Legionnaires' disease shook the luxurious Aria Resort and Casino on the Las Vegas Strip.
Six guests who stayed at the resort between June 21 and July 4 were found to be infected by the disease.
The total number of guests affected by the legionnaire's disease outbreak is still unkown.
The instances were reported to the
Legionnaire's disease is a deadly form of pneumonia [SEE BELOW FOR SYMPTOMS]. Failing to see a doctor early could cause sufferers their lives.
It is caused by a water-borne bacteria called legionella.
Human beings and the bacteria that may result in legionnaire's disease and kill them have one thing in common:
Legionella is a bacteria that lives in water and loves warm, wet environments, Dr. Mary Nettleman, head of the medicine at Michigan State University, told ABC news. Unfortunately, people also like warm, wet environments, like hot tubs.
Air-conditioning and hot tubs are potential breeding grounds for the disease according to experts.
Water tests at the Aria hotel detected high levels of Legionella during the time period between July 21 and July 4.
If you are worried that you or someone you know may have Legionnaire's Disease, here is more information from the Mayo Clinic:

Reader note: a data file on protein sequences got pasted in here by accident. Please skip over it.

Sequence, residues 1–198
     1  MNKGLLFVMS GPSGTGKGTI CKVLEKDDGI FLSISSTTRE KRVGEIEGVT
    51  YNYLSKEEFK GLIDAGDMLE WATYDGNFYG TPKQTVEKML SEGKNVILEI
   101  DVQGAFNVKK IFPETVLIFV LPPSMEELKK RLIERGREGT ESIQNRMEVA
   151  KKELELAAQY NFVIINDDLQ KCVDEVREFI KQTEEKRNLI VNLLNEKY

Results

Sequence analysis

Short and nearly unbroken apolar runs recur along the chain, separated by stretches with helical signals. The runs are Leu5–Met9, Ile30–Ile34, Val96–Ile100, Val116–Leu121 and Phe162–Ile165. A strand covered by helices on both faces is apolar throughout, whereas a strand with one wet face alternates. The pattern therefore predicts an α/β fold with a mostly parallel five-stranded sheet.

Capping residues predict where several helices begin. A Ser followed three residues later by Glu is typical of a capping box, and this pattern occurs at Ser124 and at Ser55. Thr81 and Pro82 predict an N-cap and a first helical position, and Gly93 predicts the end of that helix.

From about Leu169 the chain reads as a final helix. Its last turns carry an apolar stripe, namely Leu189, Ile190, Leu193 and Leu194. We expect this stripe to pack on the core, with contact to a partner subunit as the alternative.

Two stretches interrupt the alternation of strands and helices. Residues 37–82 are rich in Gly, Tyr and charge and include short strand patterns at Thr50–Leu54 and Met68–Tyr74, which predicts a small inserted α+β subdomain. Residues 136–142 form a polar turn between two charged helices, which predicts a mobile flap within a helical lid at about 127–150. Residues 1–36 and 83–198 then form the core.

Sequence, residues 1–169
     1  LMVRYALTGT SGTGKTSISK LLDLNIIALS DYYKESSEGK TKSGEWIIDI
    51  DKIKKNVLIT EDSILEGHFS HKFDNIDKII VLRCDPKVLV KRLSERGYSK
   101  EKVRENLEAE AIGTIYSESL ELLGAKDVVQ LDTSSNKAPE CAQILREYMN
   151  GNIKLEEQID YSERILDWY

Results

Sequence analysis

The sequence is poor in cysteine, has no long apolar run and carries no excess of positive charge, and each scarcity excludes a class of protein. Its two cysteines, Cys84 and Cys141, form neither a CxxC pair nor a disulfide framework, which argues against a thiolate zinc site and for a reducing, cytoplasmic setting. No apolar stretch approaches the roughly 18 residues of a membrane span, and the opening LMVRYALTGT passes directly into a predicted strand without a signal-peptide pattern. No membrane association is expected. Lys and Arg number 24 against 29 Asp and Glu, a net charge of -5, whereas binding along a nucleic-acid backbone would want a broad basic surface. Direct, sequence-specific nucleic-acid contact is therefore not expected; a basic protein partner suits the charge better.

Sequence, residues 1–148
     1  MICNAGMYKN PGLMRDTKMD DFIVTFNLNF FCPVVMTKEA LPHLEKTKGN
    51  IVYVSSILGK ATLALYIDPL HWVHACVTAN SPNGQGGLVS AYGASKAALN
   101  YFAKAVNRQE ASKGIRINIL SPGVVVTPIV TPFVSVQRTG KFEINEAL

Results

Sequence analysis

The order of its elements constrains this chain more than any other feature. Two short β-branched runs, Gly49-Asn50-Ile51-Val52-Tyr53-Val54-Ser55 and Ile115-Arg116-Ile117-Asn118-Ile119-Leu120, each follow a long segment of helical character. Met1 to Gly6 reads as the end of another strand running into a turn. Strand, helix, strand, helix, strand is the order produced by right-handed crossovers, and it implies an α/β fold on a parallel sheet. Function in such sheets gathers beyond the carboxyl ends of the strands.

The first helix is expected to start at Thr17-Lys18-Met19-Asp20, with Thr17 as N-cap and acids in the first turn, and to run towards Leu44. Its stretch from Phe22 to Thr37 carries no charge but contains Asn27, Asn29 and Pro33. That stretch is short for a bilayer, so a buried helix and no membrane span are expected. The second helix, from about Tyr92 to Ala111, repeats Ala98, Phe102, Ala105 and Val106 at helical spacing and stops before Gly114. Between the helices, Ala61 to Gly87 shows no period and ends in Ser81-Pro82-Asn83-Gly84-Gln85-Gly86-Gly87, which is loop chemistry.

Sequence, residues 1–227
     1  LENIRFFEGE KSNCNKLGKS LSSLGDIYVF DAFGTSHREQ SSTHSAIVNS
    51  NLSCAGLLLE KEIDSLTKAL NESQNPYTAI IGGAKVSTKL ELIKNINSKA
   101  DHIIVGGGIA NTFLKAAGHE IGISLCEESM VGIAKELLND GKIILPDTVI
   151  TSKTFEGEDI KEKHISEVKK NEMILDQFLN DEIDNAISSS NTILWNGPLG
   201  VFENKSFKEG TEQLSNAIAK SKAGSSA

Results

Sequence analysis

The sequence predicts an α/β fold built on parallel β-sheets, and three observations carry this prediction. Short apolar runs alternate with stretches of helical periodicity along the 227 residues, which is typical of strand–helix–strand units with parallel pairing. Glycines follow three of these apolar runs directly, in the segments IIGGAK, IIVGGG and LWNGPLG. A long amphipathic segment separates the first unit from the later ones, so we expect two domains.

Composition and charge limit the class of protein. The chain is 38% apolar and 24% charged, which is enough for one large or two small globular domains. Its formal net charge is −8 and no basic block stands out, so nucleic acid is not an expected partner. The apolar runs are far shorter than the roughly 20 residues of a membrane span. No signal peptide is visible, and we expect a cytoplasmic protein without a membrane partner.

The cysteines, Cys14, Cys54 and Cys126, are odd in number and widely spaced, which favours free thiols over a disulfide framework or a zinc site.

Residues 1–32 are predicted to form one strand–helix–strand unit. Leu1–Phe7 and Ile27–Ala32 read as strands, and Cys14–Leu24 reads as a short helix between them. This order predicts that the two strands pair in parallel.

Symptoms of Legionnaire's Disease
Legionnaires' disease usually develops two to 14 days after exposure to legionella bacteria. It frequently begins with the following signs and symptoms:
- Muscle pain
- Fever that may be 104 F (40 C) or higher
By the second or third day, you'll develop other signs and symptoms that may include:
- Cough, which may bring up mucus and sometimes blood
- Shortness of breath
- Chest pain
- Loss of appetite
- Gastrointestinal symptoms, such as nausea, vomiting and diarrhea
- Confusion or other mental changes
Although Legionnaires' disease primarily affects the lungs, it occasionally can cause infections in wounds and in other parts of the body, including the heart.
A mild form of Legionnaires' disease - known as Pontiac fever - may produce symptoms including fever, chills, headache and muscle aches. Pontiac fever doesn't infect your lungs, and symptoms usually clear within two to five days.
When to see a doctor
See your doctor if you think you've been exposed to legionella bacteria. Be sure to mention any trips you've taken in the past two weeks and where you stayed. Diagnosing and treating Legionnaires' disease as soon as possible can help shorten the recovery period and prevent serious complications. For people at high risk, prompt treatment is critical.